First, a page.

11 August 2011 16:14 [Source: ICIS news]
By Joe Kamalick
WASHINGTON (ICIS)--In a week of economic earthquakes, perhaps the least noted but most serious tremor came on Tuesday when for the first time in its 98-year history the ?xml:namespace>
The Federal Reserve Board, the US central bank, said that it was maintaining its current federal funds interest rate at 0%–0.25% – where it has held steady since December 2008 – and would likely keep that key rate at “exceptionally low levels" at least through mid-2013.
Never before has the Fed locked in its interest rate policy.
The action was aimed at shoring up consumer and market confidence in the
But as much as the unprecedented Fed rate guarantee was meant to reassure business, investors and consumers, it also was a startling admission that the central bank does not expect the
In its statement about the economy, the central bank’s rate-setting Federal Open Markets Committee (FOMC) said that since its last meeting in June, “economic growth so far this year has been considerably slower than the committee had expected”.
“Indicators suggest a deterioration in overall labour market conditions in recent months, and the unemployment rate has moved up,” the statement said.
“Household spending has flattened out, investment in non-residential structures is still weak, and the housing sector remains depressed,” the central bank added.
The Fed also noted that while some temporary factors have contributed to the slowing
That statement was seen as indicating that US economic problems are far more fundamental and long term, and cannot be attributed to one-off outside factors.
Indeed, while the impact of the
With US GDP having nearly flatlined at 0.4% in the first quarter, and second-quarter GDP performance at a barely breathing 1.3%, the Fed appeared to suggest that the nation’s economy will not do much better over the next eight quarters.
The Fed also said that it anticipates that the unemployment rate will decline only gradually and that “downside risks to the economic outlook have increased”.
That phrase is Fed-speak meaning that another recession is entirely possible.
Martha Gilchrist Moore, senior director for policy analysis and economics at the American Chemistry Council (ACC), said she would put the odds on a new recession at one-in-three, an increase from the earlier one-in-four probability that the council’s economics team offered just a month or two earlier.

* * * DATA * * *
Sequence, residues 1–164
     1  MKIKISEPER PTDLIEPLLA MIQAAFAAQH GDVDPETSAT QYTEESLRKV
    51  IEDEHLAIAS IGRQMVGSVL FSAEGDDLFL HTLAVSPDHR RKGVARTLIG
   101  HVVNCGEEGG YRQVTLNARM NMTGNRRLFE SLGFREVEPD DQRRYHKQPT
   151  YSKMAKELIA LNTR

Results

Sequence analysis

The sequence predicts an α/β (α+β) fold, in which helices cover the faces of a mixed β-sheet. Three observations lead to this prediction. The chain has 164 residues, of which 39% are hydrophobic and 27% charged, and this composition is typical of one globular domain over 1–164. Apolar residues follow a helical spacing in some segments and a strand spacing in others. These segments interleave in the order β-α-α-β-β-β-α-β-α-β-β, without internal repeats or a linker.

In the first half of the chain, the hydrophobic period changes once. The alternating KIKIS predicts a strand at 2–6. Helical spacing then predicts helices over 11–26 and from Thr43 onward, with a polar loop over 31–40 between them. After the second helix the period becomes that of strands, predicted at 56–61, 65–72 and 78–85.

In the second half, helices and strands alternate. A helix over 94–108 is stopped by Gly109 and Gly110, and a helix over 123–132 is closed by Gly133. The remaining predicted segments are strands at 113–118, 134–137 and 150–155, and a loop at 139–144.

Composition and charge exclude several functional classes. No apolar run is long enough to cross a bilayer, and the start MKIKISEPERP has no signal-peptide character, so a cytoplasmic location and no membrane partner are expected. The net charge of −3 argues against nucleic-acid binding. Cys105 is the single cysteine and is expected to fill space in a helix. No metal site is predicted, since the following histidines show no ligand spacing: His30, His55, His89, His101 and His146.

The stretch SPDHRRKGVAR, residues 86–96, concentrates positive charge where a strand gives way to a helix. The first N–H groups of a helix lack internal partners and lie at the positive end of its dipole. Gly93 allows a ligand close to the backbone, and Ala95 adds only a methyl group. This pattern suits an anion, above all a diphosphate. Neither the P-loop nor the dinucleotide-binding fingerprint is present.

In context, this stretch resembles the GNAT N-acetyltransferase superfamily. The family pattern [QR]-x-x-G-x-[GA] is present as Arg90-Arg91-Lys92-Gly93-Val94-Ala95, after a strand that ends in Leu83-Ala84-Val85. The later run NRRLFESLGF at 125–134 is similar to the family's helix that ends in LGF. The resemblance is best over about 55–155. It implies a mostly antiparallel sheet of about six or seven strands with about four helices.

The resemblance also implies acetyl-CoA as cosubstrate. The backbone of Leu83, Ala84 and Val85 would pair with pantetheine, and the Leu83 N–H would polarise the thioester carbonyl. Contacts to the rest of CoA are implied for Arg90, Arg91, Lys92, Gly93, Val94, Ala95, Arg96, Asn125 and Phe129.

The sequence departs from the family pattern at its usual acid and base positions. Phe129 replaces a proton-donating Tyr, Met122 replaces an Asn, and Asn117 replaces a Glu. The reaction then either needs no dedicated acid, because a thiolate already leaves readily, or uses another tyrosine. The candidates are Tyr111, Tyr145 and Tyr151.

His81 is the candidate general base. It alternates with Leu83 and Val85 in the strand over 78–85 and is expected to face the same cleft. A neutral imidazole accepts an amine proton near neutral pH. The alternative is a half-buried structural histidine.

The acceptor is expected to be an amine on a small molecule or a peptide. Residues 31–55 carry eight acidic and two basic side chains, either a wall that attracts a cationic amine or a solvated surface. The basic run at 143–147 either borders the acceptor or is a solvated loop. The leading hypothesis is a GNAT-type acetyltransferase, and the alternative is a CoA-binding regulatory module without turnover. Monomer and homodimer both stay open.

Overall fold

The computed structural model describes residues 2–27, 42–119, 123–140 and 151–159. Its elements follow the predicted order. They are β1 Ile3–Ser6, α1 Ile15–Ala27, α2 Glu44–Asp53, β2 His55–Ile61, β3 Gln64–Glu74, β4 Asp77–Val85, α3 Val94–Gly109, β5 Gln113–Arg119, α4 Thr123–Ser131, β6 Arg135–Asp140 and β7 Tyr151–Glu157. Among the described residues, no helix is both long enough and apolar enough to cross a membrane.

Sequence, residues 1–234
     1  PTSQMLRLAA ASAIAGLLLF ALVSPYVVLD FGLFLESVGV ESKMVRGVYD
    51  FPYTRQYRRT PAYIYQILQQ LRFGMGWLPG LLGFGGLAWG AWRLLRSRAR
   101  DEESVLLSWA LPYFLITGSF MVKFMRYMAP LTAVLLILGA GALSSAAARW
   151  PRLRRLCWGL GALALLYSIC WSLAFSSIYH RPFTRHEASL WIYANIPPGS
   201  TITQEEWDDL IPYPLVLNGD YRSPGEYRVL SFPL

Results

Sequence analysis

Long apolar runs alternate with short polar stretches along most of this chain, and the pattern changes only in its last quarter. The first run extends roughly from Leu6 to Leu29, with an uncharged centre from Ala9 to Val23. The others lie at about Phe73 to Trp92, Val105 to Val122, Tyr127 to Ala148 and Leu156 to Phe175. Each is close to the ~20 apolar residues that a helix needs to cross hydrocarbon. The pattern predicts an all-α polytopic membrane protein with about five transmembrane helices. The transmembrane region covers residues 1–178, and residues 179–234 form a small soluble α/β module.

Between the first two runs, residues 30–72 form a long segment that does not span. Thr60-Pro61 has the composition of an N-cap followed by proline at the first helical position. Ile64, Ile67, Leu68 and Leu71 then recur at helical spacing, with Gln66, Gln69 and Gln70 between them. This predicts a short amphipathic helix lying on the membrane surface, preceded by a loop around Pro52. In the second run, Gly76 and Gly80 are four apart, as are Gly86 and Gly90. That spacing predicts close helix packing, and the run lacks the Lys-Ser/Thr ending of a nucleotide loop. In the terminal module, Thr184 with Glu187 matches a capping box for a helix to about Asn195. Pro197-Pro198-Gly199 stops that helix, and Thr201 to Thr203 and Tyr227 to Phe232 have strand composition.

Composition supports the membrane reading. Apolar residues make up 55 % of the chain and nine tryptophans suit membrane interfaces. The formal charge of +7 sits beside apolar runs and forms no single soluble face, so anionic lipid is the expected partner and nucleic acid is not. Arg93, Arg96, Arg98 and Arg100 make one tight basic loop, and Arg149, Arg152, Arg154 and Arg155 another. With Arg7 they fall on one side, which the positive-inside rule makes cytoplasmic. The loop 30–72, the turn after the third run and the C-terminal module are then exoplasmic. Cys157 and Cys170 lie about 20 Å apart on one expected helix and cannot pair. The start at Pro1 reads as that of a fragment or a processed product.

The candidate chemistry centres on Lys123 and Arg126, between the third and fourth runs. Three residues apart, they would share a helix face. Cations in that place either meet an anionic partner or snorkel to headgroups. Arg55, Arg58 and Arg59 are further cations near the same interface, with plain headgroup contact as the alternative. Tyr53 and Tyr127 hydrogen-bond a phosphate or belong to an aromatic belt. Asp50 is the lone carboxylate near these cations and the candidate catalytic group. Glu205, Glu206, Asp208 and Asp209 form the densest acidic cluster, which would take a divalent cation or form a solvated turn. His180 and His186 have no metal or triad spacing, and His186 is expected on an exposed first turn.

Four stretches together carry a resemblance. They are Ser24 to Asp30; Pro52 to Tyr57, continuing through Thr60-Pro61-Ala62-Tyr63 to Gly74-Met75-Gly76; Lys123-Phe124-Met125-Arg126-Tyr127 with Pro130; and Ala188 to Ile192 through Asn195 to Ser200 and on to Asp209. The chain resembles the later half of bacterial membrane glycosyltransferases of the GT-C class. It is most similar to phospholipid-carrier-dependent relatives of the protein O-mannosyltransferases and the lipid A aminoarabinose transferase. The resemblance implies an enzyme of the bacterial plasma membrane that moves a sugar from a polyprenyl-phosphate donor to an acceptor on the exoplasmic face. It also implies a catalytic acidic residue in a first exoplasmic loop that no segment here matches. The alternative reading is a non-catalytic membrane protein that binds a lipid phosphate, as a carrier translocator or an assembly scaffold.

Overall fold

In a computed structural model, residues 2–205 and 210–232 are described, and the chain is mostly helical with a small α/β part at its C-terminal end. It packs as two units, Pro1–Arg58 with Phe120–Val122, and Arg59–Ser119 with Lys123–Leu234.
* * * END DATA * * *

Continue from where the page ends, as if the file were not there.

The NBER is the private, non-profit research group that is the accepted arbiter of when
Two of those key NBER measures, industrial production and real business sales, hit post-recession high-water marks in March but now are in decline,
“The challenges are that throughout the recovery [which officially began in June 2009], it has been manufacturing and exports that have taken the lead, and both of those are now softening quite a bit,” she said, citing the recent dour report of manufacturing performance by the Institute for Supply Management (ISM).
“There is a tremendous amount of uncertainty in both the business and consumer sectors,” Moore said, “and that speaks to the Fed’s announcement of Tuesday”, locking in its near-zero interest rate for two years.
In that interest rate guarantee, she said, “the Fed was trying to provide some certainty”.
“But on the other hand, what the Fed has done is to signal that they don’t foresee any good growth prospects over the next couple of years,” she said, adding: “And that is very disconcerting.”
All things considered,
Moore's estimate of a one-in-three chance for a new recession is fairly conservative. NBER president emeritus and Harvard economist Martin Feldstein thinks there is a 50% chance of a new US recession.
Lawrence Sloan, president of the Society of Chemical Manufacturers and Affiliates (SOCMA), said he does not think the
“But I do feel that unfortunately we will be in a status quo of sluggishness for quite a while,” he said.
Sloan sees the
“I think we have a fundamental imbalance in the
“We have rising productivity, with companies able to produce more with fewer workers than ever before,” he said. “At the same time, we have a huge retiring population that is growing in numbers every day, with fewer and fewer workers available to support each retiree.”
Sloan pointed out that when the US Social Security system came into force in 1936, there were 16 workers for every retired person in the country. That ratio now has shrunk to 3-1 and will only worsen as millions of Baby Boomers move into retirement over the next five years.
In addition, he said, the US has a growing number of unemployed workers who lack the kind of skills needed in the modern workplace – what economists call structural unemployment, workers who are unlikely to see another pay check. That will contribute to persistently high unemployment.
Under a bombardment of what Sloan called over-arching regulations, the
“In the longer term, if consumers are skittish about the economy, they want to save more, pay down their debts and spend less,” he said. “And that means less consumer-driven demand for manufacturing, and consequently less demand for chemicals.”
Sloan said that he has anecdotal evidence that SOCMA member companies that six months ago were planning to expand production, their laboratories or warehousing are now rethinking those plans.
“Companies across the board are going to be rethinking their investments,” he said.
($1 = €0.70)
Paul Hodges studies key influencers shaping the chemical industry in Chemicals and the Economy
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